Using single-period heuristic approaches

Phase 2 can also be performed with the single-period heuristic approach for 5, 6 and 7 %. In Phase 2, the exact MIP approach provides a slightly better optimal solution (less total fuel load) than that of the single-period heuristic approach, as can be seen in Fig. 9. The differences between the exact MIP approach and the exact single-period heuristic approach for 5, 6 and 7 % treatment levels are 0.93, 0.94 and 1.02 %, respectively. However, using the exact MIP approach for the longer planning horizon, e.g. 100 years, is very difficult, while using the exact single-period heuristic approach a relatively good solution can be achieved in a reasonable computational time (\(<\)3 min for 100-year planning). Because of their practicality, in the case study we then run the model with single-period heuristic approaches for 100 years.

Both approaches (an exact method for the single-period problem and an approximate method for the single-period problem) can directly be applied to the initial data. The result from both approaches is almost identical, because there are many small treatment units in the landscape so that the burn limit requirement can be met (almost) entirely.
Fig. 10

Total fuel load over time using the single-period heuristic approaches—5 % treatment level

Fig. 11

Total fuel load over time using the single-period heuristic approaches—10 % treatment level

In this case study, the computational experiments with or without incorporating TFI requirements are also conducted. The results for 5 and 10 % treatment level are represented in Figs. 10 and 11, respectively. By incorporating TFI requirements, when the treatment level is relatively high, e.g. 10 % annually, for some years the area burned may be less than 10 % in subsequent years. This is because the vegetation needs some time to regrow until it is eligible to be treated. The treatment units can only be burned if all of the vegetation types in the treatment unit are above the minimum TFI. Figures 10 and 11 also represent the results of excluding the TFI requirement, which the total fuel load in the landscape is relatively very stable. However, due to the importance of TFI as discussed in "Model formulation", in practice excluding these requirements is not recommended.

Conclusion

The purpose of this study was twofold. Firstly, to develop an optimisation method for scheduling prescribed burns, and to embed this in a real-world case study that takes into consideration the spatial and temporal complexity of the problem. Secondly, to consider the fitness for purpose of our models by comparing the performance of simpler, heuristic-based solutions to a more complex, optimisation-based solution.

The complex multi-period model proposed takes into account multiple vegetation types of mixed ages in the landscape with differing nonlinear fuel accumulation functions. The model determines when and where to conduct fuel treatment to reduce the total fuel load in the landscape while still considering the ecological constraints relating to the Tolerable Fire Interval of each vegetation class. We compared the exact MIP and two heuristic approaches (Knapsack Problem and a greedy heuristic approach) in terms of the model tractability, computational time and the objective values.

The solution for a 15-year planning horizon for the case study comprising 711 treatment units in the Barwon-Otway district of Victoria was obtained in 2 h by using the exact MIP approach. With longer time periods it was not possible to achieve solutions of sufficient accuracy within a few days. While this approach can provide optimal solutions, it is computationally costly, especially for fuel management and ecological planning which may require longer planning horizons, and cover much larger geographic areas. Meanwhile, the heuristic methods can solve the problem for a longer times (e.g., 100 years), and the solution can be obtained in less than 3 min.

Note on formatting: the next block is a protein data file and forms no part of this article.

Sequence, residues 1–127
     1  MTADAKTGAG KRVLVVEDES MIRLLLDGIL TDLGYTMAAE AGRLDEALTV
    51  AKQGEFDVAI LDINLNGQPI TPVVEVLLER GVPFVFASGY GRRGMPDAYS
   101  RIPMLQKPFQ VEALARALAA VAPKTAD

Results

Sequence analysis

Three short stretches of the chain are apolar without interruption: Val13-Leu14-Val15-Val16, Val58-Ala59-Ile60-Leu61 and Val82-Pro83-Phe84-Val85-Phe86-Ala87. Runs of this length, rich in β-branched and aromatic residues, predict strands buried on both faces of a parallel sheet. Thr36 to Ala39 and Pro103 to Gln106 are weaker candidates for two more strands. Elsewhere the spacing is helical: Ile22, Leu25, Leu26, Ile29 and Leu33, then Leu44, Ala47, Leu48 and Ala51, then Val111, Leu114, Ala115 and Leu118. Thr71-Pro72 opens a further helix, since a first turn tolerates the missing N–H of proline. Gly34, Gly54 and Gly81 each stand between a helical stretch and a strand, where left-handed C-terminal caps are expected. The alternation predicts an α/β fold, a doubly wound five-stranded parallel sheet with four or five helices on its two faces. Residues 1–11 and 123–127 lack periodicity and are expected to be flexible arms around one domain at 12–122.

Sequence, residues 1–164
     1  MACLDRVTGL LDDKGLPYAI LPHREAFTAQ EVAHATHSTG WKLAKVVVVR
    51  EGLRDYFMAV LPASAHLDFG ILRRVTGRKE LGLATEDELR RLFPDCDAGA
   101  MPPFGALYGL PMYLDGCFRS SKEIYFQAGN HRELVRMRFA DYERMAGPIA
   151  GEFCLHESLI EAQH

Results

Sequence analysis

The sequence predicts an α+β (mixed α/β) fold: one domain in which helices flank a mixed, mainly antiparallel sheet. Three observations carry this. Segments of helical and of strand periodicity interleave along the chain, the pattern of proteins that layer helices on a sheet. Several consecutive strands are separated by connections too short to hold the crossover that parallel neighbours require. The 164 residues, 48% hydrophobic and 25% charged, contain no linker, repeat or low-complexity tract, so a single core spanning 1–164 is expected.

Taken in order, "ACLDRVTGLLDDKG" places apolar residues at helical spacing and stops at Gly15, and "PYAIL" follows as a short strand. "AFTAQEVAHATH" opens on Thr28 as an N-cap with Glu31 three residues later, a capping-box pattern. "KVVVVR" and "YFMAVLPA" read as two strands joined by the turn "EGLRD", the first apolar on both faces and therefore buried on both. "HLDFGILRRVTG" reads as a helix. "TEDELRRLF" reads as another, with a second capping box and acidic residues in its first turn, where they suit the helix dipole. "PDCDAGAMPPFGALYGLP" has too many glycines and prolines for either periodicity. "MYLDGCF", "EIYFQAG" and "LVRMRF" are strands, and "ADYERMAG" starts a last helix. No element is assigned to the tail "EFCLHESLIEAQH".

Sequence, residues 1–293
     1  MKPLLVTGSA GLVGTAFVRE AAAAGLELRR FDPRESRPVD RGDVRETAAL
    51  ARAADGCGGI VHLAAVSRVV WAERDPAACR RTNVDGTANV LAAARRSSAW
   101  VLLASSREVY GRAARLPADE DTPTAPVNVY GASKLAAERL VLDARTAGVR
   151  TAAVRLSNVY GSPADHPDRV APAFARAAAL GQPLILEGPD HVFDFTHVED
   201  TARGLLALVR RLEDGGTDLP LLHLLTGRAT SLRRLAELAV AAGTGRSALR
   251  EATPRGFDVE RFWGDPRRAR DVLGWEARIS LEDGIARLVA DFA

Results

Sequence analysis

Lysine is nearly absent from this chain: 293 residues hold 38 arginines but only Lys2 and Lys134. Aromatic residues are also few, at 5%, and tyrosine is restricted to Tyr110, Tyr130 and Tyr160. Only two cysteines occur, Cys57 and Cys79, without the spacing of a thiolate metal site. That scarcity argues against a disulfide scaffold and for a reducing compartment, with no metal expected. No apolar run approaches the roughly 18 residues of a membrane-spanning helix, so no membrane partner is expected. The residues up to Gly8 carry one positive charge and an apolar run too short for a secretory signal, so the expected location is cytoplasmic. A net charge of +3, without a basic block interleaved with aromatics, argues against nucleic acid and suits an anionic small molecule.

Based on our experiments, the single-period decomposition works well, and Knapsack MIP performs almost as well as the multi-period MIP. For a 10-year planning horizon with 5, 6 and 7 % treatment levels, the objective values resulting from these two approaches differs approximately by only 1 %. It is clear from the series of computational experiments that the solutions resulting from the heuristic approaches mimic that of the exact MIP to solve the prescribed burn planning model.

The results are an important reminder that future work may benefit from the use of heuristic approaches. Future research is planned to extend this study by incorporating other ecological requirements such as habitat connectivity within the landscape. However, particularly when using the exact MIP approach, this added complexity will increase computational effort to these problems as we increase the number of constraints and objectives built into our models. The case study shows that the heuristic approaches provide a near-optimal solution and the computational time is significantly faster than that of the exact MIP approach. We conclude that for practical purposes a heuristic method is more than adequate.

Declarations

Authors’ contributions

RR planned the study, performed the computational experiment, and drafted the manuscript. MO helped to design the study, formulate and interpret the model, and helped to draft the manuscript. KR contributed to draft the manuscript. JH advised on model interpretation and helped to draft the manuscript. All authors read and approved the final manuscript.

Acknowledgements

The first author is supported by the Indonesian Directorate General of Higher Education (1587/E4.4/K/2012). The second author is supported by the Australian Research Council under the Discovery Projects funding scheme (project DP140104246). The authors thank the anonymous reviewers and the associate reviewer for their helpful comments that have improved this paper.

Competing interests

The authors declare that they have no competing interests.

Open AccessThis article is distributed under the terms of the Creative Commons Attribution 4.0 International License (http://creativecommons.org/licenses/by/4.0/), which permits unrestricted use, distribution, and reproduction in any medium, provided you give appropriate credit to the original author(s) and the source, provide a link to the Creative Commons license, and indicate if changes were made.

Authors’ Affiliations

(1)
School of Mathematical and Geospatial Sciences RMIT University
(2)
Mathematics Department, Faculty of Mathematics and Natural Sciences, University of Bengkulu

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Copyright

© Rachmawati et al. 2015